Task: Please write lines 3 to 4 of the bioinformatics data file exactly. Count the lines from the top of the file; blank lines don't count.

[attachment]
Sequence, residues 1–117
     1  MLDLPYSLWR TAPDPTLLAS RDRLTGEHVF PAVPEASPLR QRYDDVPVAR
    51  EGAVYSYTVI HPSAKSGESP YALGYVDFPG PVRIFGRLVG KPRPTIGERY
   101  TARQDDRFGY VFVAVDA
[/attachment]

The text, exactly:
    51  EGAVYSYTVI HPSAKSGESP YALGYVDFPG PVRIFGRLVG KPRPTIGERY
   101  TARQDDRFGY VFVAVDA